In our short-sighted pragmatism, we often insist that academic pursuits immediately translate into a higher potential income after graduation, which is another way of saying that we all too commonly equate education and vocational training.  Vocational training is a good thing—we all need to know something about how to make a living—and I do honestly believe that a rigorous study of history has benefits that can help to put bread on the table.  I want all of my students to improve their abilities to read critically, reason logically, and communicate persuasively, and I think that these are skills that are widely transferable to any number of vocations.  And yet these are incidental benefits—as wonderful as they are—and emphatically not the main benefit we seek.  We study history primarily not to earn a better living but to live a better life.

History serves this purpose in several ways.  For the moment let me focus on two, both of which I can best illustrate with metaphors.  First of all, history is a form of memory.  (I like Christian historian John Lukacs’ definition of history as the “remembered past.”)  If we take the analogy seriously, it can teach us a lot about history’s value.  I asked my students recently to list the attributes of memory as an exercise for thinking about the pitfalls and opportunities of studying the past.  Astutely, they noted that memory can be faulty, that it is sometimes selective and self-serving, and that it may change over time—all of which is also true of history.  But they also identified some of memory’s priceless benefits.  “Memory is crucial to our sense of personal identity,” one student noted.  “Without it we would be unable to function,” observed another.  The same could be said for history.  History is crucial to our sense of collective identity.  Just as memory helps in answering the question “who am I?” history helps in answering the question “who are we?”  And because history gives us a memory before birth, it can connect us with the insight and experience of those who have gone before us.  In a figurative sense it actually lengthens our life’s span, broadening our perspective and enabling us, not to predict the future, but to meet it more wisely.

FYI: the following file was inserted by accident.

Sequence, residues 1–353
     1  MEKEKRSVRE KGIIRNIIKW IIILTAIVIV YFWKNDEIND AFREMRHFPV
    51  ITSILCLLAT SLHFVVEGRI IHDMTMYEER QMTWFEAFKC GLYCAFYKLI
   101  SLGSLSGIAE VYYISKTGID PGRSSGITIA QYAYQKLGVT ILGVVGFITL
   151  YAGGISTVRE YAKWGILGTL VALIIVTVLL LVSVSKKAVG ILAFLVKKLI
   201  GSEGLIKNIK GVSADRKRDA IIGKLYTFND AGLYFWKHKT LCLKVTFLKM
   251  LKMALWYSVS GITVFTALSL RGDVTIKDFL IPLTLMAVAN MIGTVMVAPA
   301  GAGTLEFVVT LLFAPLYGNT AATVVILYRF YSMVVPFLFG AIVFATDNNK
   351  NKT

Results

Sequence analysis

If history is a form of memory—reminding us of who we have been—it can also be a kind of mirror—revealing to us who we are now.   In Romans 12:2, the apostle Paul warns us against being conformed to the values of the world.  Unfortunately, many of the cultural values that influence us deeply become invisible to us.  We see them as “natural,” and what we see as natural we eventually cease to see at all.  One of the great benefits of studying history is its potential to remind us that the way things are now is not the way they have always been.  It can be a lot like traveling to a foreign country, except that we are traveling across time instead of space.  As a Christian who focuses on the study of American History, I am struck that we do not have to go back very far in time to encounter individuals who professed the same faith that we do, who lived in the same part of the world that we do, and who nevertheless viewed the world very differently than we do.  When we take such encounters seriously, we become self-conscious of our values in a way that we have not been; they literally become more visible than before.  Thus the study of history helps us to see both ourselves and our world with new clarity, and it is only when we are really see the values that shape us that we can effectively resist the world’s efforts to squeeze us into its mold.

In sum, history’s greatest value is not utilitarian but moral.  At its richest, it furthers our pursuit for a heart of wisdom, the quest at the very center of what it means to love God with our minds.